“It was not my intention to mislead anyone,” he stated. “It was my intention to inspire so that we could get this done.” According to Sullivan, she had confessed to the lie because she “made the mistake of trusting somebody who is not trustworthy.” Whether this boldfaced misleading of the public on such a contentious issue will harm the movement is anybody’s guess.

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“I let you all down because I did not feel that I had the wherewithal to step up and say ‘This is what is happening.’” Sullivan explained. “I did not think I would be believed. I did not think that you would keep going, because there was a point where we could have caught up, where it was not so far out of the realm of possibility.”

However, around July 29, Caviness said that Sullivan did a hard count. To get an issue on the ballot, the law requires a minimum of 124,000 signatures, but in the video, Sullivan says that the number was just 31,244. Caviness says that, “When she realized that the number was whatever she came up with the number being, she panicked and she bailed on us, and she left Green the Vote high and dry.”

Many people commented on the video. For each of them expressing outrage, there was somebody supporting either Caviness or the women. It is unclear at this point what effect the news will have on the movement as a whole, as Green the Vote is due on Wednesday to take petitions to the Capitol. However, it seems very unlikely now, even if there are enough signatures, for the issue to appear on this year’s general election ballot.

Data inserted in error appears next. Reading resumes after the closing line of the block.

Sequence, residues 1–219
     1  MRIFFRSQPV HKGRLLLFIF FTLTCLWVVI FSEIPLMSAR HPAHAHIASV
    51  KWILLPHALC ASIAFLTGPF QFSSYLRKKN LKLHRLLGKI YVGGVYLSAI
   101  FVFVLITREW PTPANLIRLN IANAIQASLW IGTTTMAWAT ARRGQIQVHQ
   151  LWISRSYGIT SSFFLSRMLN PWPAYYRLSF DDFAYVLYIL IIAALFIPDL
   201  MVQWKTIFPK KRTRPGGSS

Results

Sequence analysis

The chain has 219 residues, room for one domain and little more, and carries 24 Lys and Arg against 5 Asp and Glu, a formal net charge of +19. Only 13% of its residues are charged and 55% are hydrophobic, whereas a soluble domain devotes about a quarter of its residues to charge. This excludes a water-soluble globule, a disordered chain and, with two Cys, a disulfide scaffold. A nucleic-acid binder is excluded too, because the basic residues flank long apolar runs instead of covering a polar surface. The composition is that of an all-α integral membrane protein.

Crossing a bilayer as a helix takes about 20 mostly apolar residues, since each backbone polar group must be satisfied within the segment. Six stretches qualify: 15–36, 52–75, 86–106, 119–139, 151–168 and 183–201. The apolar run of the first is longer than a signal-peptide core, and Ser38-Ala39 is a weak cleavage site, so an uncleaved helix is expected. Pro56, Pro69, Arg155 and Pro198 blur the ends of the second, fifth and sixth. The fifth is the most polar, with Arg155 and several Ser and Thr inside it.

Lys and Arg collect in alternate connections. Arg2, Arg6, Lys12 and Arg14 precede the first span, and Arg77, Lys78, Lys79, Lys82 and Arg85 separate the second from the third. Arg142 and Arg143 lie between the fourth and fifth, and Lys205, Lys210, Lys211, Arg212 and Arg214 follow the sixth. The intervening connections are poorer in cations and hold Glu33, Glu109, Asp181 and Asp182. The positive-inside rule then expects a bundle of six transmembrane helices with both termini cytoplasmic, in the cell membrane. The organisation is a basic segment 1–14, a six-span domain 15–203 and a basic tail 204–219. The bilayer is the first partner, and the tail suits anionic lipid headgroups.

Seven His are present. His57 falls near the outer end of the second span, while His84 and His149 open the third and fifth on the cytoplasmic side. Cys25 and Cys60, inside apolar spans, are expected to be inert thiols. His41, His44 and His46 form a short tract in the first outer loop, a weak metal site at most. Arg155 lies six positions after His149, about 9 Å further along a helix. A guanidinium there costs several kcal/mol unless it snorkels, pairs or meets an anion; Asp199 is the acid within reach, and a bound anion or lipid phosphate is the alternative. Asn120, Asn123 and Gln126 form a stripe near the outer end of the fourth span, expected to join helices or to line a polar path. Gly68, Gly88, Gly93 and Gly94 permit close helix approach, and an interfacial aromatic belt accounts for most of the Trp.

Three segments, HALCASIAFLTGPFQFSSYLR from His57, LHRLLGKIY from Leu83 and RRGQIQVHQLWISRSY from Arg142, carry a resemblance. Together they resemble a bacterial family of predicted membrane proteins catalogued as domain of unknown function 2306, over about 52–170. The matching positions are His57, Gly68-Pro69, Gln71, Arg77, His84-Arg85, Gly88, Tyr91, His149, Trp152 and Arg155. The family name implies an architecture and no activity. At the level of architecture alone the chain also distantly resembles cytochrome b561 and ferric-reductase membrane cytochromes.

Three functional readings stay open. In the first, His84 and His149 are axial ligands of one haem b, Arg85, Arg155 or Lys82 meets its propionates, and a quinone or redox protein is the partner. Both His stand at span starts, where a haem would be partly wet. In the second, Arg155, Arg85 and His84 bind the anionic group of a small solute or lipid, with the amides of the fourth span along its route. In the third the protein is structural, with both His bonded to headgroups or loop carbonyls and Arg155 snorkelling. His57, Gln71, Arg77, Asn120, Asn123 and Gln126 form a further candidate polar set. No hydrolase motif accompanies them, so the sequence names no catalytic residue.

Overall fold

Ron Durbin, attorney for Green the Vote in a lawsuit over the implementation of the state’s medical weed program, had his say, “I am saddened and deeply upset about what I learned tonight, but nothing should cancel out the work of hundreds of volunteers that devoted thousands of hours. I certainly will not let it cancel out all the hard work me and my team have put into fighting for 788. That said the case we filed in Oklahoma County will be evaluated to determine the best course moving forward.”

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On the issue of ‘the lie,’ Durbin said, “Obviously I do not agree with decisions which resulted in the misrepresentation of the vote count. Both as a motivational tool and as strategy, it makes no sense to me. However, I know Isaac’s character, and it is solid. The same is true for every single member of Green the Vote I have met through the process.”

Durbin continued with, “It is obvious that people made very bad decisions, but I will not abandon 796 and 797 over what is no doubt an egregious error of judgement. People deserve to have the constitutional protections afforded in those two petitions, and my hope, albeit a glimmer is that somehow this will turn into a story of miracles. We could all certainly use one.”